“I don’t know. I think it’s a new life form. It just winked at me. Listen, I’ll see you soon. I really have to concentrate on this refrigerator. I’m not sure, but I think some old pickles just spoke to me.”

“How can pickles go bad? They’re already preserved in vinegar.”

“I don’t know, maybe they hung out in with a rough crowd of slimy lettuce. Give my love to Mom.”

“And to Larry?”

“Of course, to Larry, and to Karen. And to the kids. Are they coming, too?”

I already knew the answer. My nephew’s kids were in college and unlikely to take off from classes on a weekday, especially to travel to South Jersey from New England. “No, they already had spring break. They’re staying at their colleges for the holiday. But they promised to look in on their great grandmother. Such nice boys.” Unspoken were the words, “Unlike Josh,” who, to be fair, was only eight and she’d only gotten to know him for the past year or so. But, to be fair to Jean, something I seldom am, Josh is what is known as a “high maintenance” child.

“Well, give my love to all. See you soon.”

I finally could give all my concentration to the refrigerator. It was even worse than I thought. After dumping all the unidentifiable objects, I kept a couple of containers of yogurt, a jar of peanut butter, and some milk not yet past its sell-by date so I’d be able to eat at least something at home the next few days. By the time I’d emptied tins half-filled with green tuna, bottles of fuzzy tomato sauce, and jars of mutated olives into the garbage disposal, my recycling bin was overflowing with glass and metal. Some of the leftovers got thrown out directly into the trash, along with their storage containers; I was afraid I’d unleash poison gases if I opened them. I turned on the lights in the rooms facing the back of the house and opened the shades so I could find my way through the dark backyard to the composter, where I added the fruits and vegetables that had begun to morph into creatures that any director of horror films would love to use. Everything else went into giant black plastic trash bags, which I dragged to the curb and added to the trashcan. Being green has its limits, and if I hadn’t gotten that stuff out of the house, I would have been turning a very unflattering shade of green.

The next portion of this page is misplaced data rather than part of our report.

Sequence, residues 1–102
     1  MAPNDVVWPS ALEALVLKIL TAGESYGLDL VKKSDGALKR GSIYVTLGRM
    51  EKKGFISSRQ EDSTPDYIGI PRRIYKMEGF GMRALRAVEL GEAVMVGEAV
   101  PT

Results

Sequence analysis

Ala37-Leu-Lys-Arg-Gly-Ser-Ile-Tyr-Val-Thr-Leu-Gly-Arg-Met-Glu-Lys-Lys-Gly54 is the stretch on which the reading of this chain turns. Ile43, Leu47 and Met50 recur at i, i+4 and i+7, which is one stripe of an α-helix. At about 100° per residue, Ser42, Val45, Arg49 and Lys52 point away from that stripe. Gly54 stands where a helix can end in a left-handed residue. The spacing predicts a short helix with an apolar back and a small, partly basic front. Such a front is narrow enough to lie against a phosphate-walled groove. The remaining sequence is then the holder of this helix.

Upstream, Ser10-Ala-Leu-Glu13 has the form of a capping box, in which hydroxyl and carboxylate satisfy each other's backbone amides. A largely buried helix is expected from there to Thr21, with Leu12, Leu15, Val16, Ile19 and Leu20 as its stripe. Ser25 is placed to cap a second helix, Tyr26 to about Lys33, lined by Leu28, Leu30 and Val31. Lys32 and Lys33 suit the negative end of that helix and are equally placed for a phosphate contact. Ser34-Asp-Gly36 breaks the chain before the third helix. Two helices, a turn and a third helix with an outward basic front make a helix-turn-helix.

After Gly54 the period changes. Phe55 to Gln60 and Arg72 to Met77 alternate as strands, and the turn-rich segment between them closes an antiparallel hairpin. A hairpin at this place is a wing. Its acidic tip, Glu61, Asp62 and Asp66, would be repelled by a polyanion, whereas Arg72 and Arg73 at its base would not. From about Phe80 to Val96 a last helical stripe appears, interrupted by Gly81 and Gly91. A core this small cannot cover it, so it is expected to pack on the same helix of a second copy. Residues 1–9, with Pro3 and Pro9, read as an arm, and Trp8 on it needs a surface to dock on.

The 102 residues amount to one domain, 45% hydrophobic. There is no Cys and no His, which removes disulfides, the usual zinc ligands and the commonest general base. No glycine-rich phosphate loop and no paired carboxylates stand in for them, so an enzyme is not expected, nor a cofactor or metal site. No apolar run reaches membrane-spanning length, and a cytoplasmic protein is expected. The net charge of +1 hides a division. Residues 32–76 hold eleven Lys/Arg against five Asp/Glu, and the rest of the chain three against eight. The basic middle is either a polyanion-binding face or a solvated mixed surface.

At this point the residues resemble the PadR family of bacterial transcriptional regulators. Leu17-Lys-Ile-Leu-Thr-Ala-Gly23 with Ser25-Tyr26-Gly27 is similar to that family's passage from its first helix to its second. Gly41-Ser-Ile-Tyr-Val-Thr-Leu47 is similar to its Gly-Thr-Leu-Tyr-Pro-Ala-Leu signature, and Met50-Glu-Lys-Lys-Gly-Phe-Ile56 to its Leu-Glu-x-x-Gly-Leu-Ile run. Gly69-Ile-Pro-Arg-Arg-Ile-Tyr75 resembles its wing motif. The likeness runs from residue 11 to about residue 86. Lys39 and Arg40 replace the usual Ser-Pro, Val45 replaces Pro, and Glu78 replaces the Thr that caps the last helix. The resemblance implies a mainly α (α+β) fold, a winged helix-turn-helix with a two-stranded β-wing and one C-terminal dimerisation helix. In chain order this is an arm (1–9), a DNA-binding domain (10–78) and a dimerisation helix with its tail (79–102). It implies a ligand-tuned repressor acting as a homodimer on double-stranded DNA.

The non-perishables would take more time, so I’d save them for another day. I’d have to sort out the opened and unopened containers, bringing the former to a food bank and storing the latter in the garage. The peanut butter in the fridge would get mixed with some corn meal and flour and remnants of trail mix and then frozen until I put it out for the birds.